New & Noteworthy: Deep Percolation, Power Plan, and Corrections

posted in: April 2014 | 0
Deep Percolation: Will an aquifer recharge more quickly under a forest than a grassland? The answer, according to research carried out on leeward Haleakala, is an unambiguous yes.
Researchers with the U.S. Geological Survey simulated rainfall events at two areas at Auwahi, Maui. One was a grassland. The other was inside the area where Art Medeiros and his team have been working for the last 15 years to restore the dry forest that once covered the land.

Their conclusion: “restoration with native species at the Auwahi site has significantly altered the hydrology of the unsaturated zone to at least a 1-[meter] depth.” The movement of water through the soil was much more rapid that at grassland sites. “Reforested areas appear to facilitate deep water transfer relative to grassland sites,” they write. “More water may become available for [aquifer] recharge as it rapidly moves to the deep unsaturated zone below the root zone, where it becomes inaccessible to plants.” Possible reasons for this include the development of pathways in the soils that are created when tree roots penetrate into the ground.

Over and above the response to rainfall, there could be other natural processes that affect the amount of water percolating into the aquifer under forests, as opposed to grassland. The interception of cloud water is one such process; a previous study, the authors write, found that up to 46 percent of precipitation in the Auwahi forest results from orographic clouds coming down the slopes of Haleakala. “Thus,” they write, “it is possible that because it has more canopy surface area to intercept cloud water, the forest may receive more total precipitation than the grassland.”

The results of the research were published earlier this year in the journal Ecohydrology: “Assessing effects of native forest restoration on soil moisture dynamics and potential aquifer recharge, Auwahi, Maui,” by Kim Perkins, John Nimmo, Art Medeiros, Daphne Szutu, and Erica von Allmen.

Power Play: Start playing ball or your energy project is going nowhere. That’s basically what the Land Committee of the state Agribusiness Development Corporation seemed to say recently regarding a request by the Kaua`i Island Utility Cooperative for a right-of-entry through 2016 to investigate the use of ADC land in Kekaha for an energy storage project.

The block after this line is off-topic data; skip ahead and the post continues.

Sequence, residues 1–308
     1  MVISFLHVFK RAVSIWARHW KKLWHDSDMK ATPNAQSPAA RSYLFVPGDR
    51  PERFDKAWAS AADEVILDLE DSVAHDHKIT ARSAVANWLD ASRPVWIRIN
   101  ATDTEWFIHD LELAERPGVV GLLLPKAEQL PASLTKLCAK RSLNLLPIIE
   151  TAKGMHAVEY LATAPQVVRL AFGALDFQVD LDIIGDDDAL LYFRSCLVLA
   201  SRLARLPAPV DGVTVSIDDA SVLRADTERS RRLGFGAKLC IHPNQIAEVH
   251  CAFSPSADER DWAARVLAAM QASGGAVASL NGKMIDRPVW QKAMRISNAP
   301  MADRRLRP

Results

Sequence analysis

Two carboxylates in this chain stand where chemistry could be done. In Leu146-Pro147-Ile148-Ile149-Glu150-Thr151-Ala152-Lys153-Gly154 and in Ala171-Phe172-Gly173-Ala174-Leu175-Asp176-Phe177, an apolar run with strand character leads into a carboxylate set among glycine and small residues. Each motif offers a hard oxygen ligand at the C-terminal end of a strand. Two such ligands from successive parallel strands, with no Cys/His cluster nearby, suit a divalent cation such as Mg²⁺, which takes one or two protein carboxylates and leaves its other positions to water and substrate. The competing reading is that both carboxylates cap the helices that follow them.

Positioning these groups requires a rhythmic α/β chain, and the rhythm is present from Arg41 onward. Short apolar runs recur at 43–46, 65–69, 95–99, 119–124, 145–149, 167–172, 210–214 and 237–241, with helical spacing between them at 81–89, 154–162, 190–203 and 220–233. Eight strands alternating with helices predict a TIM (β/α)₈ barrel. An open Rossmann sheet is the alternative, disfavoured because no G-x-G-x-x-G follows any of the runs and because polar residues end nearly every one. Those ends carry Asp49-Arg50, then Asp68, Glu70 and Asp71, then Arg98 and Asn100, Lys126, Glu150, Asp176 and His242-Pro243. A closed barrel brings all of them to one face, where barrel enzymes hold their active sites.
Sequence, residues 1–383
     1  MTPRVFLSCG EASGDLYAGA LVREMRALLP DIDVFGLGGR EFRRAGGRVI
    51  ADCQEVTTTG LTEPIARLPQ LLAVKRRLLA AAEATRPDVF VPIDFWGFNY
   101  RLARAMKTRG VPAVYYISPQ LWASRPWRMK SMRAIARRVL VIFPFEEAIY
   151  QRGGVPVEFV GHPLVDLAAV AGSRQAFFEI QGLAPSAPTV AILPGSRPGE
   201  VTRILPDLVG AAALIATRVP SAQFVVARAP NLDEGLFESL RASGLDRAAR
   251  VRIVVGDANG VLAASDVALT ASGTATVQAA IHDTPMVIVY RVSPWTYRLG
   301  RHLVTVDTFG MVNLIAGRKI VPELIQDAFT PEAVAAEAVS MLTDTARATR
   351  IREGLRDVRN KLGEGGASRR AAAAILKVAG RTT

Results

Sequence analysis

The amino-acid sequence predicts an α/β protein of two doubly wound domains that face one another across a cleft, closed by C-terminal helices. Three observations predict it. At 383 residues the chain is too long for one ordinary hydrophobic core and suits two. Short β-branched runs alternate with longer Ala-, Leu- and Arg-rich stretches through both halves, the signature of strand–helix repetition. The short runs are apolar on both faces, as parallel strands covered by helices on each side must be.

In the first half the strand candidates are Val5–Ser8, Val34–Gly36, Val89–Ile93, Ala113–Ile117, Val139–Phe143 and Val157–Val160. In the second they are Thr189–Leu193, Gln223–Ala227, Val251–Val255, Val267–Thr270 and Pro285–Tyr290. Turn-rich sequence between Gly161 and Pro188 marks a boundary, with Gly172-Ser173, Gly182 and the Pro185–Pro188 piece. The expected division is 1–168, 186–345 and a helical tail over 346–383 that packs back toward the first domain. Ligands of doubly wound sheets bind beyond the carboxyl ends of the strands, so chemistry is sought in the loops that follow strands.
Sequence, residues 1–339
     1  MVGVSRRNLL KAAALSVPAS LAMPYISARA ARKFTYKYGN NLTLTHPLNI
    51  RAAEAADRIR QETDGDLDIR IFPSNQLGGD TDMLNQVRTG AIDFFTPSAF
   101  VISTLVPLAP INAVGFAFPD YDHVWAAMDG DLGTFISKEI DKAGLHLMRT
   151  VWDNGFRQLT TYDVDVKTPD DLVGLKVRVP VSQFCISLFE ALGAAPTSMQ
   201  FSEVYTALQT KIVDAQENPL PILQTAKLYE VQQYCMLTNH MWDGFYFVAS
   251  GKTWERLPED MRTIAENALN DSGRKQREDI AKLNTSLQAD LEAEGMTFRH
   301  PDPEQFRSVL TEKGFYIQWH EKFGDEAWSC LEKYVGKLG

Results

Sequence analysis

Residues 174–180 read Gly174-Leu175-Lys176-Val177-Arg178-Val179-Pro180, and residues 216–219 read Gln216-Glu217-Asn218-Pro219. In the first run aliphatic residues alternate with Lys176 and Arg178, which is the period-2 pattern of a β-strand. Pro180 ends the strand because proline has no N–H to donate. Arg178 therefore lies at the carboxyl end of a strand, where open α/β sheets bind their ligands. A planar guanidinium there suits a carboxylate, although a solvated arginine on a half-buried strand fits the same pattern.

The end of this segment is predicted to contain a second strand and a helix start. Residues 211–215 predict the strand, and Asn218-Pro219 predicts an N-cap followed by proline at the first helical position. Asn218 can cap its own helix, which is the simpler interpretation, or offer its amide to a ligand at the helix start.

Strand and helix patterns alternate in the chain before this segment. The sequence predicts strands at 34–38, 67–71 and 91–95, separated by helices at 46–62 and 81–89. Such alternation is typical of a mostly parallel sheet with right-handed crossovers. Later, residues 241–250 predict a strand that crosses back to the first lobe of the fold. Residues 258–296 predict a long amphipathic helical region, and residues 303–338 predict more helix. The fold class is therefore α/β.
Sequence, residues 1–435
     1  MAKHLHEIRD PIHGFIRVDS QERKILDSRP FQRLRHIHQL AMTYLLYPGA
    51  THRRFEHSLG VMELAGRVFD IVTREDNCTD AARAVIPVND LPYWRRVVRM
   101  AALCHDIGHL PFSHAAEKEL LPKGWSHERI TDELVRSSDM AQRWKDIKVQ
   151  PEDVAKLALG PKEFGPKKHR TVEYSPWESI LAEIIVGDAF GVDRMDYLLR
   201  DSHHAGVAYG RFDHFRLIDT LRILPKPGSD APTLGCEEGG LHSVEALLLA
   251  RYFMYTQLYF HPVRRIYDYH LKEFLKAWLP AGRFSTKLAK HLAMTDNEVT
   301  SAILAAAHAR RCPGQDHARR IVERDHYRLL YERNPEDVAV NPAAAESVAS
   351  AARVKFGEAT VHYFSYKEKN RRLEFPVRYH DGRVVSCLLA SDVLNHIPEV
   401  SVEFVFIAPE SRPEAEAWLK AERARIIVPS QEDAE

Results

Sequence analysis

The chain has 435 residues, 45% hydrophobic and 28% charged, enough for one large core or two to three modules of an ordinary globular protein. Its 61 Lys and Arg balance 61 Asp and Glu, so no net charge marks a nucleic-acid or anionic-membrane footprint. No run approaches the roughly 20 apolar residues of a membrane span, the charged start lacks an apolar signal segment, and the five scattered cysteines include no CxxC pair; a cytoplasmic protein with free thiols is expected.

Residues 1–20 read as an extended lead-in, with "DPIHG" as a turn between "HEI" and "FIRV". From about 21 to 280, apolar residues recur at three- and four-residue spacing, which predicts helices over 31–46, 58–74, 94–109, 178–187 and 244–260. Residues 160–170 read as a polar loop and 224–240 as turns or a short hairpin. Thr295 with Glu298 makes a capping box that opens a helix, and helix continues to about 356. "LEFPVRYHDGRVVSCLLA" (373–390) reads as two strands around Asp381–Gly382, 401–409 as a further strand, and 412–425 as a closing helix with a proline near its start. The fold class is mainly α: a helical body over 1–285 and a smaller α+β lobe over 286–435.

The utility wants to use reservoirs to store water that, if needed, could be run through a hydroelectric plant to create energy. But, according to Land Committee member David Rietow, KIUC has refused to negotiate a power purchase agreement with the ADC’s tenant group, the Kekaha Agriculture Association (KAA), on a separate energy project. The KAA has been working for years with Pacific Light & Power on a plan to generate enough renewable energy – through hydropower, biomass, etc. – to meet the tenants’ needs and to sell the excess to KIUC.

PLP has a license for lands in Kekaha, but its project has stalled. KIUC representatives have said repeatedly that the utility is not interested in buying electricity from the KAA or PLP.

At its meeting last month, the Land Committee recommended that the ADC board limit the right-of-entry term to one year and direct the KAA to coordinate with KIUC on access to the area. The KAA manages the ADC’s Kekaha lands.

If the KAA and KIUC manage in that time to establish a better working relationship, the right-of-entry could be extended, Rietow suggested.

Corrections: The short article on Papa`a Bay in our February issue incorrectly described a U.S. District Court decision in the case between Kaua`i County and Mandalay Properties. The court did not find that the county lost a road to the beach via adverse possession. Rather, the court found that the county failed to prove it ever owned the road, and that it lost its opportunity to claim a public access easement 20 years after a gate was erected in the 1950s.

And in our March issue’s article on water, we incorrectly identified Commission on Water Resource Management staffer Lenore Ohye as Lenore Nakama (as she was once known).

We sincerely regret these errors.


Volume 24, Number 10 — April 2014


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